The Democrat mayors would have let the homeless continue to suffer and the taxpayers continue to pay if President Bush got any credit for helping the homeless. These Democrats were more concerned with preventing President Bush from getting any positive coverage in the media than they were about helping the homeless in their cities. And the willing media went along with this by not reporting on this story. They could have found out about program. It was all public record. They could have done their jobs and informed the American people about how their taxes were being spent to help get people off the streets. They could have informed the American people that they had a leader who was compassionate, but the media remained silent about anything positive about President Bush and instead researched and reported on classified terrorist surviellance programs that undermined the president’s efforts to protect the American people after 9/11.
Meanwhile, President Bush was less concerned about getting credit for helping his fellow Americans than he was about actually helping them. Imagine that. A politician who actually cares about helping his fellow citizens in need than he is about getting credit. President Bush could have used the good press if his administration’s role in this program had been reported. But he didn’t care about PR. He was more concerned about helping those who needed help. That is a man of great character.
Obviously one of those suffering from mental illness.
I wonder if his sign brought him any “loose change“?
I’m sure some BDSers will take me to task for applying the religiosity of “invisible hands” to George W. Bush when we’ve ridiculed the messiah-worship of Obama’s supporters. But I thought the phrase fit with the photo at the top; and it applies descriptively to how President Bush has concerned himself with results over recognition.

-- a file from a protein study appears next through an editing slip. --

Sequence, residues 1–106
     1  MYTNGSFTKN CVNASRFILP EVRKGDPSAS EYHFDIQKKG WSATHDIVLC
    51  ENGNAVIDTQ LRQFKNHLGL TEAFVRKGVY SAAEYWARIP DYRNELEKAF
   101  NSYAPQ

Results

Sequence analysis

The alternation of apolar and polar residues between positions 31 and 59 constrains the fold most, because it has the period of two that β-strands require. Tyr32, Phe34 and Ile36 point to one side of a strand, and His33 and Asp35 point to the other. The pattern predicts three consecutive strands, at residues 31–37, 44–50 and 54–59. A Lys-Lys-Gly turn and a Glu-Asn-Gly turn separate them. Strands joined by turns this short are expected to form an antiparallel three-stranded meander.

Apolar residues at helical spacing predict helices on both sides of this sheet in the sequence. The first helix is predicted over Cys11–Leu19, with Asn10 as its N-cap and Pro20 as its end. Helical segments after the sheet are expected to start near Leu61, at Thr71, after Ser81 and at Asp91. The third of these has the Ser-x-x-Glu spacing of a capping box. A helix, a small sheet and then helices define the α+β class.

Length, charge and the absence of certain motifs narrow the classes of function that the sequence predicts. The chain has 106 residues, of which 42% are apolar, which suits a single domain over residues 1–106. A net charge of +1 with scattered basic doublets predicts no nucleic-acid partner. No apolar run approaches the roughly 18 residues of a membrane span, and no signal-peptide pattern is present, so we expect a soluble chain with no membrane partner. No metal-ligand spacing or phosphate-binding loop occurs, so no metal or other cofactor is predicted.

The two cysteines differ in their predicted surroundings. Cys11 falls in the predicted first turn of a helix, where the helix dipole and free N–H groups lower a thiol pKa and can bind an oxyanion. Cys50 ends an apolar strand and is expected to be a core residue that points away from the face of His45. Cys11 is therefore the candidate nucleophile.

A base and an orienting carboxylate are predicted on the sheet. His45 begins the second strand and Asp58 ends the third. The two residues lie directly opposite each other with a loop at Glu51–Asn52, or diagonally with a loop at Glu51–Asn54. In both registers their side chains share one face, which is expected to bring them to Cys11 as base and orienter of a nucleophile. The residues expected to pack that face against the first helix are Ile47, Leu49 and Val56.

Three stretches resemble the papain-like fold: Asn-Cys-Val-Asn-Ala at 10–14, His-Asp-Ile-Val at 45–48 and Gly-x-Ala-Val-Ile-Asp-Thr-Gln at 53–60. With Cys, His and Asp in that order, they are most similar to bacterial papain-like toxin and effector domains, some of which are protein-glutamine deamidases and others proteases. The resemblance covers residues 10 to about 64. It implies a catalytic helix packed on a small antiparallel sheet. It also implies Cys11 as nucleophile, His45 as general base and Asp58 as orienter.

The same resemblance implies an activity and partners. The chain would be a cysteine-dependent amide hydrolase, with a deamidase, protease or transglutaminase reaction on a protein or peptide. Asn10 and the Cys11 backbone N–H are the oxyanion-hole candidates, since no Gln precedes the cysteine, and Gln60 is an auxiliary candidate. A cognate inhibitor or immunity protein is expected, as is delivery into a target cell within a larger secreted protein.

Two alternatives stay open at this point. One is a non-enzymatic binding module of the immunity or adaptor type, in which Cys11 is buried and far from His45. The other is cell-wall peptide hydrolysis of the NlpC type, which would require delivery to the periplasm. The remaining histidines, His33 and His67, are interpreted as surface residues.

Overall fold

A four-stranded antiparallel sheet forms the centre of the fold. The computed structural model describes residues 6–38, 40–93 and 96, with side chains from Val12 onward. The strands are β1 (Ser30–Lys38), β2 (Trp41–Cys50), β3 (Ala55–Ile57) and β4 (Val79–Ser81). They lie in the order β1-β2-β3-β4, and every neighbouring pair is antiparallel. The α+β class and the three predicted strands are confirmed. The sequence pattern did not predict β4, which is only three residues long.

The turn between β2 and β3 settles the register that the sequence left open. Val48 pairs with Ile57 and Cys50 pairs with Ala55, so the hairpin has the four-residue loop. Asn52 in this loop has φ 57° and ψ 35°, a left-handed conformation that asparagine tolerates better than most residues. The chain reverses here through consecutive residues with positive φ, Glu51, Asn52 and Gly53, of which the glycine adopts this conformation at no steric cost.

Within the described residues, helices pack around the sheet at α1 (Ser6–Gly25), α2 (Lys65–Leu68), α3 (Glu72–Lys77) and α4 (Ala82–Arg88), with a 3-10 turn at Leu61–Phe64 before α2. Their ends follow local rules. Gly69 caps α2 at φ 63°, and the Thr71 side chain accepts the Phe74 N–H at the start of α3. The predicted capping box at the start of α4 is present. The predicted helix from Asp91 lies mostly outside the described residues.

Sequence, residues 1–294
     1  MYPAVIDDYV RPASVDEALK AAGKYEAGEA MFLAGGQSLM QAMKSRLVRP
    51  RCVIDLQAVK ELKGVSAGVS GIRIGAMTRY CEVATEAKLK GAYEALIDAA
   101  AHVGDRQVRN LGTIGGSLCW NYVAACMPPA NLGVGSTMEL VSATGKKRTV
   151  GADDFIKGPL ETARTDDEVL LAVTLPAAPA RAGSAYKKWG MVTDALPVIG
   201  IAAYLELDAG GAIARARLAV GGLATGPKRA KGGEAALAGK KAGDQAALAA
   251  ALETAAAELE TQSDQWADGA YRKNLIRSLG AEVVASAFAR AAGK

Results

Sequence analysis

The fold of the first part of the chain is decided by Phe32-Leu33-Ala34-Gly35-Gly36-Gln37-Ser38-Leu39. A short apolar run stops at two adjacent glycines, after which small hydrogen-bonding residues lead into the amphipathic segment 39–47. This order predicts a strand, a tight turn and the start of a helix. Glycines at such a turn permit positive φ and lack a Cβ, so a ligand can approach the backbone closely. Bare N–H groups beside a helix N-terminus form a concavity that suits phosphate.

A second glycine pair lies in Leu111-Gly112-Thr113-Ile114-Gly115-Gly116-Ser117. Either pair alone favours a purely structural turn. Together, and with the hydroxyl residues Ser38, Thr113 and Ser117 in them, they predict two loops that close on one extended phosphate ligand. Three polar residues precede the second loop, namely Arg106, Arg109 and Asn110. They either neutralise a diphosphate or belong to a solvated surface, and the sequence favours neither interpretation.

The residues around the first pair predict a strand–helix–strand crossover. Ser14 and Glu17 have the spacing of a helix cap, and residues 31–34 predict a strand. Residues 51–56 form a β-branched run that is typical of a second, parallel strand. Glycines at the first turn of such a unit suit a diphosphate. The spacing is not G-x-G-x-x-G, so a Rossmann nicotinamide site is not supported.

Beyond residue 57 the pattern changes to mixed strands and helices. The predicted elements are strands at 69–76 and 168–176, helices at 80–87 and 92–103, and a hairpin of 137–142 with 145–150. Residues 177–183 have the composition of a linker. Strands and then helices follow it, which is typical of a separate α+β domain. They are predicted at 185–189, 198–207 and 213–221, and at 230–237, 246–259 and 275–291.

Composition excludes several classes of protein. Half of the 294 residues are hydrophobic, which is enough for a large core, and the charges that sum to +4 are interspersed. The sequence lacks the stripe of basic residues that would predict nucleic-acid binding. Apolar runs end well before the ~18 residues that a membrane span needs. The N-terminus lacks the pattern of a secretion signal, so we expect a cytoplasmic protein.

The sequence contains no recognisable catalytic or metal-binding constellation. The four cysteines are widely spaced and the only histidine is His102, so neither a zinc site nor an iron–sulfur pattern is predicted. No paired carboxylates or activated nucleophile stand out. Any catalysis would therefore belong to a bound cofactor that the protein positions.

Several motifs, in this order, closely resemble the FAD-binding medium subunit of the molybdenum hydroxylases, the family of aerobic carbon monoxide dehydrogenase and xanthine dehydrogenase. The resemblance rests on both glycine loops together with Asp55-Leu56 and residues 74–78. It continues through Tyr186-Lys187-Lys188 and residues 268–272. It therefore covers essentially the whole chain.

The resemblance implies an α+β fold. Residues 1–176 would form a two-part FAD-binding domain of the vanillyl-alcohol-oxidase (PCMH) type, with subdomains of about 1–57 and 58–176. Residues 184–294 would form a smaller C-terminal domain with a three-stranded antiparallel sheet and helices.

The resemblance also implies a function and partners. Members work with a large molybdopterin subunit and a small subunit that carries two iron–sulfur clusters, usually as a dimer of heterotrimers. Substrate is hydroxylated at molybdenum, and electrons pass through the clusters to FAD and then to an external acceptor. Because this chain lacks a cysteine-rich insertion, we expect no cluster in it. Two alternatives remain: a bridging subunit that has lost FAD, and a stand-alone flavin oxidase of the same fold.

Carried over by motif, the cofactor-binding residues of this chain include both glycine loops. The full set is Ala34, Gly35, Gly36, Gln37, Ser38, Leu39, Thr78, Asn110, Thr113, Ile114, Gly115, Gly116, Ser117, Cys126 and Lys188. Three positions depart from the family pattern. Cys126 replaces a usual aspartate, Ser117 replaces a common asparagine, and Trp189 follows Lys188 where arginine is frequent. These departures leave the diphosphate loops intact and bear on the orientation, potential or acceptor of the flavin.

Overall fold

From the White House Fact Sheet on How President Bush addressed human need through faith-based and community inititiatves:
Homelessness: Federal partnerships with FBCOs have been greatly expanded to combat homelessness, contributing to a nearly 30 percent reduction in chronic homelessness (approximately 50,000 individuals) from 2005 to 2007. The estimated number of homeless veterans was cut by nearly 40 percent from 2001 to 2007.
Photo from AP Photo by PLINIO LEPRI
A former fetus, the “wordsmith from nantucket” was born in Phoenix, Arizona in 1968. Adopted at birth, wordsmith grew up a military brat. He achieved his B.A. in English from the University of California, Los Angeles (graduating in the top 97% of his class), where he also competed rings for the UCLA mens gymnastics team. The events of 9/11 woke him from his political slumber and malaise. Currently a personal trainer and gymnastics coach.
The wordsmith has never been to Nantucket.